= trace S1Q+ logdet(S)r.
This follows from the concavity of logdet(.)as g(Q, S)is
the first-order Taylor approximation of logdet(Q)around
S–it has also been used for example in [16]. This gives
logdet(WTW+δI)trace(Y W TW) + logdet(Y1)r
for any Wand any Y= (ZTZ+δI)1with δ > 0. Plugging
this in the original objective function, and denoting wT
ith row of matrix Wand h., .iis the Frobenius inner product
of two matrices, we obtain
`(W) = ||XW H ||2
F2hXHT, Wi+hWTW, H HTi
≤ hWTW, HH T+λY i − 2hC, W i+b
= 2
i=1 1
where Y= (ZTZ+δI)1and A=HHT+λY are pos-
itive definite for δ, λ > 0,C=XH T, and bis a constant
independent of W. Note that ¯
`(W) = `(W)for Z=W.
Minimizing the upper bound ¯
`(W)of `(W)requires to solve
mindependent strongly convex optimization problems with
Hessian matrix A. Using PFGM on this problem, we obtain
a linear convergence method with rate 1κ1
1+κ1where κis
the condition number of A[17]. Note that the subproblem in
variable His not strongly convex when Wis rank deficient in
which case PFGM converges sublinearly, in O(1/k2)where
kis the iteration number. In any case, PFGM is an optimal
first-order method in both cases [17], that is, no first-order
method can have a faster convergence rate. When Wis rank
deficient, we have λ
δL=λmax(A)≤ ||H||2
δ, where
Lis the largest eigenvalue of A. This shows the importance
of not choosing δtoo small, since the smaller δ, the larger the
conditioning of Ahence the slower will be the PFGM. Note
that Lis the Lipschitz constant of the gradient of the objective
function and controls the stepsize which is equal to 1/L. Our
proposed algorithm is summarized in Alg. 1. We will use 10
inner iterations for the PFGM on Wand H.
Algorithm 1 Min-vol NMF using alternating PFGM
Require: Input matrix XRm×n
+, the factorization rank r,
δ > 0,˜
λ > 0, number of iterations maxiter.
Ensure: (W, H)is an approximate solution of (3).
1: Initialize (W, H)using SNPA [15].
2: Let λ=˜
λ||XW H||2
3: for k= 1,2,...,maxiter do
4: % Update W
5: Let A=HHT+λ(WTW+δI)1and C=XH T.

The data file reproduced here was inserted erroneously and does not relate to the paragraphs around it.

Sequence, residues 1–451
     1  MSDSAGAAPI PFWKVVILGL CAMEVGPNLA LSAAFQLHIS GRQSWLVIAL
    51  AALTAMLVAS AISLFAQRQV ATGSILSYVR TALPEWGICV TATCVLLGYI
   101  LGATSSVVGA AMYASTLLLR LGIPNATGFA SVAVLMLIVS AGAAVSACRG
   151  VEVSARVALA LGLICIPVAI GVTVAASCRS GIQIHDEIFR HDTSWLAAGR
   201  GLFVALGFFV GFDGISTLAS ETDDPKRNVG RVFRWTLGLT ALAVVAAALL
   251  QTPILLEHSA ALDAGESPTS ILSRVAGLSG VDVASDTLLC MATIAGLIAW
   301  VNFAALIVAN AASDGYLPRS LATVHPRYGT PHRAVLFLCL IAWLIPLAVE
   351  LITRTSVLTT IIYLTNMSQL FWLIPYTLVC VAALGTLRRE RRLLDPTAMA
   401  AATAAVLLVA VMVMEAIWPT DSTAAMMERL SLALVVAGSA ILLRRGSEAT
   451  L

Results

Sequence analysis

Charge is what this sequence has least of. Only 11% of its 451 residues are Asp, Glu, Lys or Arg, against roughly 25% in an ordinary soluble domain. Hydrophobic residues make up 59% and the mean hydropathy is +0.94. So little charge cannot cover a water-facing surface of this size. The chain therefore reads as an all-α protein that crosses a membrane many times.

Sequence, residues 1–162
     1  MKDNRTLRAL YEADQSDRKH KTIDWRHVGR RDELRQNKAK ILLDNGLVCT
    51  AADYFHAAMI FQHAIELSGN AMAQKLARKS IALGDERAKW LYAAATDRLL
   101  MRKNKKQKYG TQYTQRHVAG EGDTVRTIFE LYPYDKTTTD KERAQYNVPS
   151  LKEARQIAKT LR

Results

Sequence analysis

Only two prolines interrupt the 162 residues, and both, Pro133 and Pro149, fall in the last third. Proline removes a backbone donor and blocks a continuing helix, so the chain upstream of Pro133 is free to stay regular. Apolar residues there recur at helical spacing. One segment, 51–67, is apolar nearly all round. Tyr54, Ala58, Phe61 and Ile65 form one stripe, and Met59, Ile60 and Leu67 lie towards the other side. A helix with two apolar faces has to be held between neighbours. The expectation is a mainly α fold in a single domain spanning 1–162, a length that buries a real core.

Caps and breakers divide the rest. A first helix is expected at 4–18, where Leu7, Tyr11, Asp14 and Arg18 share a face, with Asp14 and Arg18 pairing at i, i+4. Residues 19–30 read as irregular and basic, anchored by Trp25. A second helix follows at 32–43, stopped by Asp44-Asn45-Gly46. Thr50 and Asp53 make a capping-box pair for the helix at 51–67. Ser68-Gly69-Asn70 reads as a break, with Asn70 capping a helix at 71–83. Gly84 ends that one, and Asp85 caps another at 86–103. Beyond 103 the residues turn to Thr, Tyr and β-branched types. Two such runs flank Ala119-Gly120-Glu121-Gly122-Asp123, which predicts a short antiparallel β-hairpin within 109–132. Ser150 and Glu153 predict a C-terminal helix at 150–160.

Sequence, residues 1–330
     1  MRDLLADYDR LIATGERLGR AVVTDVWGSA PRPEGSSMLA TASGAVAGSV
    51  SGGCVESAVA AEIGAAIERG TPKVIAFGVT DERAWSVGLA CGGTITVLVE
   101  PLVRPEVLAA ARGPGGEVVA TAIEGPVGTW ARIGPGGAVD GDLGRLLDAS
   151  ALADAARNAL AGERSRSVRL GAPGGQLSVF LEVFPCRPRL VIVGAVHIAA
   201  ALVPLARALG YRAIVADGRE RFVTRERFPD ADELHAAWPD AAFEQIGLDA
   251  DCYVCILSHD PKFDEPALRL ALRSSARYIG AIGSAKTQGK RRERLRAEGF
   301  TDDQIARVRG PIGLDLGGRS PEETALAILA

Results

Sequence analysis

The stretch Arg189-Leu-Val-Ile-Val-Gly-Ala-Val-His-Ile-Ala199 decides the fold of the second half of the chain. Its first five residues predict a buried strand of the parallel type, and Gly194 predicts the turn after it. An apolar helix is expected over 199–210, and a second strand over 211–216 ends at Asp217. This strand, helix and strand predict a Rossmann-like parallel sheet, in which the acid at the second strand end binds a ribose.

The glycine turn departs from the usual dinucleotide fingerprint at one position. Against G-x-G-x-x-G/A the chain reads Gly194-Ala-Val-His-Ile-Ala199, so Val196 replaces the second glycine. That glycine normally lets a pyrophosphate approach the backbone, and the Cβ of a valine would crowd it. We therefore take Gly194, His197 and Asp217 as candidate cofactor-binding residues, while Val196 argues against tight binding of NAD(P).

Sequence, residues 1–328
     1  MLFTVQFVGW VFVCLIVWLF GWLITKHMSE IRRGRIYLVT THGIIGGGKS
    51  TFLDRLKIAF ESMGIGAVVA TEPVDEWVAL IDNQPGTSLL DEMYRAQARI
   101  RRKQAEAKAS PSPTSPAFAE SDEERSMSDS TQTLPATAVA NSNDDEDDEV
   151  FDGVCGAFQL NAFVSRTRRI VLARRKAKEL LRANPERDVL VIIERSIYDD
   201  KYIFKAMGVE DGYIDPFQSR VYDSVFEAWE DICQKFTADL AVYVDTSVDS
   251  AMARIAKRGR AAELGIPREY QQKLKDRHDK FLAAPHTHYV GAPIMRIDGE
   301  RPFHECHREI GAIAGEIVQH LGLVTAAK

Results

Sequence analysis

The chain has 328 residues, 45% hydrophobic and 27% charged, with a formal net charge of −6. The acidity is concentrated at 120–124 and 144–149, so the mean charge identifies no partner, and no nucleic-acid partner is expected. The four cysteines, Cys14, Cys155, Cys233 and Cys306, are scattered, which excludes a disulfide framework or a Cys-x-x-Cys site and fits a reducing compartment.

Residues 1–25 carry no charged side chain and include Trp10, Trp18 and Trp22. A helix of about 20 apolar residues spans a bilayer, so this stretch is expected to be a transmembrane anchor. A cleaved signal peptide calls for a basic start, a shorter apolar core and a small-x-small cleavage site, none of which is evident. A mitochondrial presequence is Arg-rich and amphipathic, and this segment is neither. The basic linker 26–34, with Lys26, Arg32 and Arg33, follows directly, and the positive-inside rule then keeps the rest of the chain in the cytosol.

6: Perform a few steps of PFGM on the prob-
lem minU01
2hUTU, Ai−hU, Ci, with initializa-
tion U=W. Set Was last iterate.
7: % Update H
8: Perform a few steps of PFGM on the problem
minH(:,j)rj||XW H ||2
Fas in [15].
9: end for
We now apply our method on a synthetic and a real-world data
set. All tests are preformed using Matlab R2015a on a laptop
Intel CORE i7-7500U CPU @2.9GHz 24GB RAM. The code
is available from
Synthetic data set. Let us construct the matrix XR4×500
as follows: Wis taken as the matrix from (2) so that
rank(W) = 3 < r = 4, and each column of His distributed
using the Dirichlet distribution of parameter (0.1,...,0.1).
Each column of Hwith an entry larger 0.8 is resampled as
long as this condition does not hold. This guarantees that no
data point is close to a column of W(this is sometimes re-
ferred to as the purity index). Fig. 2 illustrates this geometric
problem. As observed on Fig. 2, Alg. 1 is able to perfectly
Fig. 2. Synthetic data set and recovery. (Only the first three
entries of each four-dimensional vector are displayed.)
recover the true columns of W. For this experiment, we
use ˜
λ= 0.01. Fig. 3 illustrates the same experiment where
noise is added to X= max(0, W H +N)where N=
randn(m,n) in Matlab notation (i.i.d. Gaussian distribution of
mean zero and standard deviation ). Note that the average of
the entries of Xis 0.5 (each column is a linear combination
of the columns of W, with weights summing to one). Fig. 3
displays the average over 20 randomly generated matrices X
of the relative error d(W, ˜
W) = ||W˜
||W||Fwhere ˜
Wis the
solution computed by Alg. 1 depending on the noise level
. This illustrates that min-vol NMF is robust against noise
since the d(W, ˜
W)is smaller than 1% for 1%.
Fig. 3. Evolution of the recovery of the true Wdepending on
the noise N=rand(m,n) using Alg. 1 (˜
λ= 0.01,δ= 0.1,
maxiter = 100).
Multispectral image. The San Diego airport is a HYDICE
hyperspectral image (HSI) containing 158 clean bands, and
400 ×400 pixels for each spectral image; see, e.g., [18].
There are mainly three types of materials: road surfaces,
roofs and vegetation (trees and grass). The image can be
well approximated using r=8. Since we are interested in
the case rank(W)<r, we select m=5 spectral band using
the successive projection algorithm [19] (this is essentially
Gram-Schmidt with column pivoting) applied on XT. This
provides bands that are representative: the selected bands are
4, 32, 116, 128, 150. Hence, we are factoring a 5-by-160000
matrix using a r=8. Note that we have removed outlying
pixels (some spectra contain large negative entries while oth-
ers have a norm order of magnitude larger than most pixels).
Fig. 4 displays the abundance maps extracted (that is, the
rows of matrix H): they correspond to meaningful locations
of materials. Here we have used ˜
λ=0.1 and 1000 iterations.
From the initial solution provided by SNPA, min-vol NMF
is able to reduce the error ||XW H ||Fby a factor of 11.7
while the term logdet(WTW+δI)only increases by a factor
of 1.06. The final relative error is ||XWH ||F
||X||F= 0.2%.
In this paper, we have shown that min-vol NMF can be used
meaningfully for rank-deficient NMF’s. We have provided a
simple algorithm to tackle this problem and have illustrated
the behaviour of the method on synthetic and real-world data
Fig. 4. Abundance maps extract by min-vol NMF using only
five bands of the San Diego airport HSI. From left to right, top
to bottom: vegetation (grass and trees), three different types
of roof tops, four different types of road surfaces.
sets. This work is only preliminary and many important ques-